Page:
Earlier this week, I encountered the same video in a couple of different spaces. This is pretty normal, considering I follow a lot of blogs that tend to discuss the same material, but this particular video irked me so much that I felt the need to add a bit to the echo chamber and blog about it.
The video (which you can watch on Vimeo here) is a trailer for the upcoming film “Blessings Missed.” The film evidently started as a project at the Rocky Mountain Christian Filmmakers Camp, and has been fleshed out to a full-fledged feature (the site refers to it as a documentary; I refuse to extend it that courtesy).
I recognize that I am not necessarily qualified to discuss production value, so I will leave that question to the pros. What I am qualified to comment on is the theology.
There’s a lot to be disturbed about here, but what I want to focus on is the harmful theology in the idea that “being obedient to God” means having children. Or that children are a natural consequence of obedience.
That is not a blessing.
It’s as simple as this: If you are having children to fulfill a spiritual duty, to call it a “blessing” – which is defined as an extraneous, undeserved, GIFT – is wrong. The theology here slides from one idea to the next, never realizing how contradictory the two concepts actually are. Either children are a natural result of obedience and those who do not have children are disobeying God in some form (which veers into dangerous territory almost immediately, especially when you consider the problems of infertility and miscarriage). OR, children are a gift – ie, something with no strings attached – from God, end of story.
Note: Paul speaks of making sure that we do stuff with our blessings and in that sense there are strings attached, but there is no “do this in obedience to God and you’ll get this particular blessing” thing. Indeed, much of the New Testament seems to be saying the opposite - "the rain falls on the righteous and the wicked" - and it seems that a large part of the Bible is trying to get us out of the mindset that God rewards good people and punishes bad.
Mindset check: A blessing that comes with strings attached or that must be earned is not a gift or a blessing. It is the natural result of a certain set of behaviors. When I was a kid, I received a weekly allowance of $2.50, but I only got this allowance if I did my chores throughout the week. This allowance was a natural consequence that extended out of my obedience.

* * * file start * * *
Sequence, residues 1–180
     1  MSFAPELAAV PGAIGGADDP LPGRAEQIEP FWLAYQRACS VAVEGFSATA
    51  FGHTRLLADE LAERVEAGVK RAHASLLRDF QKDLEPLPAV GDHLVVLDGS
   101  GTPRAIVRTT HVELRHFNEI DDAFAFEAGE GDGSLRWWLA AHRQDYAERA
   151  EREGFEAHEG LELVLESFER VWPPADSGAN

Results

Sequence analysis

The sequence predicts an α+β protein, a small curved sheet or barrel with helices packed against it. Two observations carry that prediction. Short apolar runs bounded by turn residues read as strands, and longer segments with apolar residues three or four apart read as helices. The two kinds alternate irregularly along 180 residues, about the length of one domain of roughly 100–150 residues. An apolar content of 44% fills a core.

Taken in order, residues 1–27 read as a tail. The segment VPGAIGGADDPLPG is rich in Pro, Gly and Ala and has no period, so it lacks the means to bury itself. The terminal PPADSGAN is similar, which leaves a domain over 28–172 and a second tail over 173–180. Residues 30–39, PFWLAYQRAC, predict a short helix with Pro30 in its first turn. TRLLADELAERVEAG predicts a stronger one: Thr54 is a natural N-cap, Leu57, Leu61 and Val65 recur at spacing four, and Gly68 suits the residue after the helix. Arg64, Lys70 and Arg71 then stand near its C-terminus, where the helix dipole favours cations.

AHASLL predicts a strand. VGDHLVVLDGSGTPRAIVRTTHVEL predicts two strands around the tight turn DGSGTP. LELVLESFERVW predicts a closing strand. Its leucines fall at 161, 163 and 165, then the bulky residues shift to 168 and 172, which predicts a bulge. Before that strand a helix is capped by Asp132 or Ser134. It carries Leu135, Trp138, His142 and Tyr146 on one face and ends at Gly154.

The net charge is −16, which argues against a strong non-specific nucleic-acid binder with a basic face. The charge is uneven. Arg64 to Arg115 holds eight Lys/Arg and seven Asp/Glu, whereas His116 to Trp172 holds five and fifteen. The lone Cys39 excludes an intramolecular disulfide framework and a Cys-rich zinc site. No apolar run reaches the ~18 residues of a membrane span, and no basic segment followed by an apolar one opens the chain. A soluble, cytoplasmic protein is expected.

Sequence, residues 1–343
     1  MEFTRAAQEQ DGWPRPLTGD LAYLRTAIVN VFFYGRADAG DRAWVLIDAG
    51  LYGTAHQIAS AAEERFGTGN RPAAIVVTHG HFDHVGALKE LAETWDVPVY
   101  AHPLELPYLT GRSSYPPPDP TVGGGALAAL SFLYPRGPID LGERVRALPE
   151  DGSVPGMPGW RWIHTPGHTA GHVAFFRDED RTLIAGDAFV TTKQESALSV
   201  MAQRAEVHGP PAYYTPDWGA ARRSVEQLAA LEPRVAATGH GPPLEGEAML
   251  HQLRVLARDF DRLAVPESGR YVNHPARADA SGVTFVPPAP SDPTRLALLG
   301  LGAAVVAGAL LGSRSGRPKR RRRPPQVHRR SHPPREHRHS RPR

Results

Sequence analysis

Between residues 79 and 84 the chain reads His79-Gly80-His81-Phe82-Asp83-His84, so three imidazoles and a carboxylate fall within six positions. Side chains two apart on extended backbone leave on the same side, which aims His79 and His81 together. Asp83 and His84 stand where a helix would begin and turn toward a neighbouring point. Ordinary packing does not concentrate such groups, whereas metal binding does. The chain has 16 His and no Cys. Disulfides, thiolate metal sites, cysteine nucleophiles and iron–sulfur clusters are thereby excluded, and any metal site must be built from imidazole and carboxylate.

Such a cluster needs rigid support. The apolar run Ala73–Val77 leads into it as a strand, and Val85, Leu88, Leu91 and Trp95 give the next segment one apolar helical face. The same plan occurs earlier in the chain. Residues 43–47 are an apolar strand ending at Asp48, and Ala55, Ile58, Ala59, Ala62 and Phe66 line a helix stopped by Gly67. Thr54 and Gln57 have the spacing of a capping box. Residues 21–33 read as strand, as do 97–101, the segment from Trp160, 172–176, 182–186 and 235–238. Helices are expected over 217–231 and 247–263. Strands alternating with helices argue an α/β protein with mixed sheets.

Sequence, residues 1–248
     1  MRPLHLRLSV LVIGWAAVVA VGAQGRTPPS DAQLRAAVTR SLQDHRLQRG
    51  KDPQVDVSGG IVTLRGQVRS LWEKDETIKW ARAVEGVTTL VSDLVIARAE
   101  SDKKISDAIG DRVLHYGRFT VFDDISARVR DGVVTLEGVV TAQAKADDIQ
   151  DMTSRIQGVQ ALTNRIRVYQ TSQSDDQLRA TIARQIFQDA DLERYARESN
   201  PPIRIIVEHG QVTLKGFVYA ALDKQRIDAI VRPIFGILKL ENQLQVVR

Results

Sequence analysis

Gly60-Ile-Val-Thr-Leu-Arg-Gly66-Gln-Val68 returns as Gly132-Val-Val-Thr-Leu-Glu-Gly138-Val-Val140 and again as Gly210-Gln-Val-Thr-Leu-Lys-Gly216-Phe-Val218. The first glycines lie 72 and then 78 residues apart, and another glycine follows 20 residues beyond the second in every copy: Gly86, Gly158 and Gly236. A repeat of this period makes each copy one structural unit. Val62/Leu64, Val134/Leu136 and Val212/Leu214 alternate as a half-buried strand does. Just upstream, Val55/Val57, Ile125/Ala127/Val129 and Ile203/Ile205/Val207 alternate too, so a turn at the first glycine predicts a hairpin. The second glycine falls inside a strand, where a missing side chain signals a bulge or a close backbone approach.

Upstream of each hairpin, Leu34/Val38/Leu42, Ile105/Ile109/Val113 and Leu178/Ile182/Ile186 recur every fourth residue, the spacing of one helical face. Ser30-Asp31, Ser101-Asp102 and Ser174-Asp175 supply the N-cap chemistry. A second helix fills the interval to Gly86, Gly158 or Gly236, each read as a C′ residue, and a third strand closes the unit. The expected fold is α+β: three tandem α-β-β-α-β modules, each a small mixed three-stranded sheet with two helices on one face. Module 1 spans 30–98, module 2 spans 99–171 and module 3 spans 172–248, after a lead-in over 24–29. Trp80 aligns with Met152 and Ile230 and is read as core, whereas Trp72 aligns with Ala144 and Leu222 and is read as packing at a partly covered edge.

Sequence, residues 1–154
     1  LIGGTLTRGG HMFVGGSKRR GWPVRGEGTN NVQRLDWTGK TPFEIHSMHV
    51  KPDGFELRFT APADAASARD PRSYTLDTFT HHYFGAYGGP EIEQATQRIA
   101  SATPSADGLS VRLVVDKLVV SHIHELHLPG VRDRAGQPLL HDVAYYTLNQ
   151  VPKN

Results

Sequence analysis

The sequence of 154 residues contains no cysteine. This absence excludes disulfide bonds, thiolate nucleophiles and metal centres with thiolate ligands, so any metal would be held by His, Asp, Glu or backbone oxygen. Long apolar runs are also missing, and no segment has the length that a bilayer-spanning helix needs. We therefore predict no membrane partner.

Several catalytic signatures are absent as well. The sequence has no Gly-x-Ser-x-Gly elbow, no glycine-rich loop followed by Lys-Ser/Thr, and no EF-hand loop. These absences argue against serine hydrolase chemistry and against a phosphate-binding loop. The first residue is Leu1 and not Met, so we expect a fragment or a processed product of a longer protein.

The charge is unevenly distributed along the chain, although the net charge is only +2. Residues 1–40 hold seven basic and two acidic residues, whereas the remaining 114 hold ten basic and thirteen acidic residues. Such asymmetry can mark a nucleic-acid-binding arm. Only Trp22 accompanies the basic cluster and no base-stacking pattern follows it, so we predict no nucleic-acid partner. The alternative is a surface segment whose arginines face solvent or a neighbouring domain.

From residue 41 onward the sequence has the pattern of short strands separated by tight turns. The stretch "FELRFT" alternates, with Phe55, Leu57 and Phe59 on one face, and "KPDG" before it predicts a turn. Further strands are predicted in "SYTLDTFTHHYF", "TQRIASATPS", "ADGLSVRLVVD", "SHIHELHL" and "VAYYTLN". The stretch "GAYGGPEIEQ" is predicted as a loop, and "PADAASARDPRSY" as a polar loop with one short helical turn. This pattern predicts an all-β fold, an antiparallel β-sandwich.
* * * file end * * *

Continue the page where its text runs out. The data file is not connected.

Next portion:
A gift would have been if my parents handed me $10 at the end of the month, regardless of behavior, and said, “Go nuts.”
So which is it, Family Stewards? Are children a natural consequence of a behavior in relation to God? Or are they a gift we did not necessarily ask for?
There is also the assumption here that children are a blessing in every situation, as sort of a “one-size fits all” theology. For the just-graduated newly married couple starting on their careers, children may not be such a happy occasion, but instead a financial burden. I know several couples who became pregnant within months of getting married and are struggling to keep their heads above water financially.
Maybe it’s because my parents waited until they were 32 to start having kids – 12 years into their marriage. Maybe it’s because I know people who are devoted followers of Christ who will never be able to have biological children. Maybe it’s because I know there are half a million children in foster care waiting to be adopted into a loving family, in the United States alone.
But there is just something wrong about saying that Christians *must* have children in their early 20s in order to show obedience to God. When we turn something from a privilege - because it IS a privilege to be able to produce biological children and provide for them - into a theological mandate, as this film implies, we cross a line.
Am I not obedient to God because I am 25 and unmarried? Are my friends who would make wonderful mothers but have been having trouble getting pregnant somehow not being obedient to God? Is my friend who would love to have children but who has not due to life circumstances beyond her control…is she not obedient to God?
Was Paul not obedient to God? He never married and had kids.
Was Mary (of Mary and Martha) not obedient to God? To my knowledge, they didn't have kids either.
Were Esther, Timothy, the disciples – many of whom never married or had children – obedient?
We tread on dangerous ground when we start making assumptions about other people’s obedience or lack thereof based on a 20th century definition of family and the American dream.
It is insensitive. It is hurtful. And it is wrong.